Thinking about the iPhone 5 is, for me, a good way of focusing on the question of where APPL goes from here. My conclusions in this post are preliminary enough that I haven’t documented what I’m writing in the way I would usually.
importance of the iPhone
The iPhone is by far APPL’s largest and most profitable product, accounting for over half the company’s gross income. It generates huge upfront cash from device sales (Industry estimates are that the iPhone 5 costs about $200 to make. It sells for $650.). In addition, APPL gets a percentage of the recurring fees the wireless networks charge their iPhone customers. It also gets a big chunk of the money iPhone users spend on apps, books and periodicals.
On top of all that, the iPhone has replaced the iPod and the Mac as the iconic APPL device–the one that powers the brand name and motivates customers to buy the newest/best in the whole range of AAPL products.
the iPhone 5
–in many ways, it’s a “me, too” product. Its most important new features, like larger screen size and LTE network access, have already been available on Android phones for a while. Yes, Siri is apparently better (could she be worse?) and you can take panoramic photos, but still…
I don’t think this is necessarily a bad sign. It probably signals, instead, that AAPL thinks that significant future hardware changes will be harder to come by, and easier to copy, than ever before. Therefore, competition between iOS and Android (Google/Samsung) will play out on other fronts.
–AAPL is offering proprietary mapping services, provided by a wholly-owned, newly acquired, subsidiary. GOOG maps are gone.
All the initial publicity is about how the new AAPL maps are, at present, not up to snuff. I think they soon will be. One might say that Safari and iWork aren’t great confidence builders, but they’re parts of what is now a small legacy business for AAPL. I think there will be a lot more emphasis 1 Infinite Loop on getting maps right.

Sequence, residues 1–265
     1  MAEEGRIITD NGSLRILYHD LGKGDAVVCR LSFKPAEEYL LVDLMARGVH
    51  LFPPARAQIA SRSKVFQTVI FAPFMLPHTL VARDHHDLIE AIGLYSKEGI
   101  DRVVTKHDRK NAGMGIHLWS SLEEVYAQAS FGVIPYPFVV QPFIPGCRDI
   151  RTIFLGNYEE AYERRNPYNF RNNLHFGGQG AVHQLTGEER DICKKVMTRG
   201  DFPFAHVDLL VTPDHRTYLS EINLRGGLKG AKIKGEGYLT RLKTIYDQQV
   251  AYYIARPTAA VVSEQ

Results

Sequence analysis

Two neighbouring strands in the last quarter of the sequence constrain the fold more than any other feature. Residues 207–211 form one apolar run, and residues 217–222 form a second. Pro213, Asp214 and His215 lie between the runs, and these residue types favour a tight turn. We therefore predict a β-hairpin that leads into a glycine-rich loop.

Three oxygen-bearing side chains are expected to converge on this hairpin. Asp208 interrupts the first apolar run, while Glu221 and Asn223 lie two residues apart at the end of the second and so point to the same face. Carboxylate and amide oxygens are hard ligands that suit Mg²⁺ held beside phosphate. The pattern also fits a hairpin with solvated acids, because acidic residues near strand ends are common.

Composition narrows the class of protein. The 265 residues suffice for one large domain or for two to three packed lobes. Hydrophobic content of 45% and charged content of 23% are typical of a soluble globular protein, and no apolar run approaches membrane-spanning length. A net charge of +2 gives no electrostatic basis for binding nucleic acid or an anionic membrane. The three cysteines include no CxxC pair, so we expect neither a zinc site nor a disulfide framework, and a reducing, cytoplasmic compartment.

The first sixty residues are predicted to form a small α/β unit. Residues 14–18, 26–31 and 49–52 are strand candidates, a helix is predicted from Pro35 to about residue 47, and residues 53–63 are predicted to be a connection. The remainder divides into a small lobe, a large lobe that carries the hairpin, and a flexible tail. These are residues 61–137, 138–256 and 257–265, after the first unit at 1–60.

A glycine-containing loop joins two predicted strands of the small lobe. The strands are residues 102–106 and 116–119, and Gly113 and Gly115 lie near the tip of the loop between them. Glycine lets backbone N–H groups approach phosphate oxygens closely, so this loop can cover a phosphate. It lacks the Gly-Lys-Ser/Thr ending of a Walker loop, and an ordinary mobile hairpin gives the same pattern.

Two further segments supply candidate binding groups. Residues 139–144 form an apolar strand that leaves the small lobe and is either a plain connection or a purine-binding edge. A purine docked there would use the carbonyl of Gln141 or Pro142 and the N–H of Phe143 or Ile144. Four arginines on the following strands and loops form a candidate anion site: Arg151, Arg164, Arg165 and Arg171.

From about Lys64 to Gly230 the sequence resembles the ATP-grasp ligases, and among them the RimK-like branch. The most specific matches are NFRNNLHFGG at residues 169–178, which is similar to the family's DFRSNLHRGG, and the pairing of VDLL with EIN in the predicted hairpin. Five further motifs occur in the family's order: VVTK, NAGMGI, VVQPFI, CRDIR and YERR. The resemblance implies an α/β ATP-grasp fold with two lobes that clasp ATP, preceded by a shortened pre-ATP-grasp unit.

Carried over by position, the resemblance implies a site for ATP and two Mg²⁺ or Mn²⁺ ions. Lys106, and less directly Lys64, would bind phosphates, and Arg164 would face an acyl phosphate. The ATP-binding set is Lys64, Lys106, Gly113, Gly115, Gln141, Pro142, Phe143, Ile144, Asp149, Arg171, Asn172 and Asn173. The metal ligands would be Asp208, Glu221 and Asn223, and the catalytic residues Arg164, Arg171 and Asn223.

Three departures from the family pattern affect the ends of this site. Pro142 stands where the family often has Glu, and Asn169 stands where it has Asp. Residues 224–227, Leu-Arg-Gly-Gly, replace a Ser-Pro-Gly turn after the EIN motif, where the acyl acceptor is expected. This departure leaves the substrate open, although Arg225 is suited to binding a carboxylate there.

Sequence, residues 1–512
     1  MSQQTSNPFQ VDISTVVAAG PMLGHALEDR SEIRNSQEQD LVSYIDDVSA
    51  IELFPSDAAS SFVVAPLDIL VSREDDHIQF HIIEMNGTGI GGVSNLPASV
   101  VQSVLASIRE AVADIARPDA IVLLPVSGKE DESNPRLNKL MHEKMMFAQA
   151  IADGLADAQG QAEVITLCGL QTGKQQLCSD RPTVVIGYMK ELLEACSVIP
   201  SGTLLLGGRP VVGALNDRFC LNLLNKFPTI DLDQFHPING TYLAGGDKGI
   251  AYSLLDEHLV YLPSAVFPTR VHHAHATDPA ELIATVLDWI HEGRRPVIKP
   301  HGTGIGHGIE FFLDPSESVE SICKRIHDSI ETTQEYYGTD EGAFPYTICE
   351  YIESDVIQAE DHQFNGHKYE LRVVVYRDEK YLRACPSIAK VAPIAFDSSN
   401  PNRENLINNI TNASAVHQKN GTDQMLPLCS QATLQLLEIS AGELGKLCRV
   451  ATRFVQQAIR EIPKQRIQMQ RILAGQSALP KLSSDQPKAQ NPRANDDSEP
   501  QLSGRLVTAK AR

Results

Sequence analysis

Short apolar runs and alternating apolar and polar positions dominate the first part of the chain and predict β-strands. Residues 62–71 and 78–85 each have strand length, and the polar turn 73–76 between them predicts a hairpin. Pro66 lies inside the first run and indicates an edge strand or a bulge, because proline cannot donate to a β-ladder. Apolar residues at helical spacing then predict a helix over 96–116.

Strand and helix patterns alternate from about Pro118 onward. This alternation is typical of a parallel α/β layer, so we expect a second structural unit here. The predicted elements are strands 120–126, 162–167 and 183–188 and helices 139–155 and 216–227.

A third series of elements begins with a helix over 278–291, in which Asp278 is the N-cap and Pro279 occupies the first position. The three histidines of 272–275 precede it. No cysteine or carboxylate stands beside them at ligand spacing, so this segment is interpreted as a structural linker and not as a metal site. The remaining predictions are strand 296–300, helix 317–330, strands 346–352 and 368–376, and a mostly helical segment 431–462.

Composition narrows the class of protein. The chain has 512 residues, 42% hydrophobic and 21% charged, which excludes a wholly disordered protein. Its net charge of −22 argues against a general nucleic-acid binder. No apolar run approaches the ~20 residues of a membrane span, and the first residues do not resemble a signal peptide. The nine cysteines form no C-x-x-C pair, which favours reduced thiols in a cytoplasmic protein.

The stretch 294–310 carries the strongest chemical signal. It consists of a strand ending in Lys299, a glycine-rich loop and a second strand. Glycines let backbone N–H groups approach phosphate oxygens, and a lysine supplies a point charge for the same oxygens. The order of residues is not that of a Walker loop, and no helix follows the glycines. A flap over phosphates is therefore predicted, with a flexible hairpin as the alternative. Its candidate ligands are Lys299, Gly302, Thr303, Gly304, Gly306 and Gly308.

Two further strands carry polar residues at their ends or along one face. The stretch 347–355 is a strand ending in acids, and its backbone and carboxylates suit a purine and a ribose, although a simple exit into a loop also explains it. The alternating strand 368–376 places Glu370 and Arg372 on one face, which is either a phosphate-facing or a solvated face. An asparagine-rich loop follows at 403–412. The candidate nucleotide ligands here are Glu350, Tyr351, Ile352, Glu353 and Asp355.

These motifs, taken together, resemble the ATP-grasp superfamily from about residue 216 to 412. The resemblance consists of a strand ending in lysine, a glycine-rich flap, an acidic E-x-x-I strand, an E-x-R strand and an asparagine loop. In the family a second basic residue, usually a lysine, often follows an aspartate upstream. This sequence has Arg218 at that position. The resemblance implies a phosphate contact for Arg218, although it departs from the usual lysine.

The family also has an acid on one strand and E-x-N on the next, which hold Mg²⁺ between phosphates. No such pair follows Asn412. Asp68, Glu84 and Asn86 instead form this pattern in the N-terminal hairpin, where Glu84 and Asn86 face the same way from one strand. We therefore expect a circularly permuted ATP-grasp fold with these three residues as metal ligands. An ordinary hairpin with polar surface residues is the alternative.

More important, AAPL may see proprietary apps as the next big phone differentiator. This could be the way AAPL would like to steer the smartphone business, or it could simply be the way it diagnoses the competitive environment will evolve, whether the company wants it that way or not.
If so, rapid improvements with Siri and maps, as well as new proprietary apps will be keys to watch for.
–the iPhone 5 appears to have fewer Samsung parts in it. If so, this is probably another facet of the intercompany competition highlighted by recent copyright litigation between the two. To me, this would imply making a foundry-like deal with INTC as the logical next step. For INTC, this might mean a better chance to have its proprietary processors (not just foundry output) appear in AAPL phones.
–the iPhone 5 appears to work on more networks than the one a customer contracts with. According to one report I’ve read, changing the tiny sim card inside the phone will enable it to work on either T or VZ networks. It may be capable of working on other networks as well.
If so, why have this feature?
There may be some manufacturing efficiencies, but I don’t imagine that’s the reason.
As the smartphone business matures, and assuming APPL wants to retain its upscale image, the company faces the issue of motivating customers in the developed world to buy a new $650 phone every two years. At the same time, the price of the iPhone is far too high for all but the wealthiest users in the developing world to afford. So the biggest growth area for smartphones would seem to be closed out to it.
Suppose, however, you could “recycle” used iPhones by buying them from T or VZ for, say, $100, replacing the sim card and furnishing them to a telecom carrier in the developing world? Then you could expand your user base–and the associated income stream from carrier charges and apps etc.–without being forced to manufacture a cut-rate phone for the developing world that would threaten to dent your upmarket image. You’d also be giving the developed world user a $$$ reason to upgrade.
Something to watch.
my bottom line
The best growth companies re-invent themselves every few years. AAPL has already gone through several evolutions, from Mac company to iPod company to iPhone/iPad company. The next turn of the wheel may be to become predominantly a software developer and usage royalty generator. If that process is already under way–and if it’s successful–there may still be a lot more growth in AAPL than the consensus expects.
I don’t think there’s anything built into today’s AAPL price for the possibility. I don’t think may people are thinking about it, either. There’s a temptation to conclude that owning AAPL gives you a free call on the potential upside. In assessing downside risk if something like this doesn’t happen, however, the relevant question is whether AAPL becomes a MSFT (and just drifts) or a RIMM (and plummets).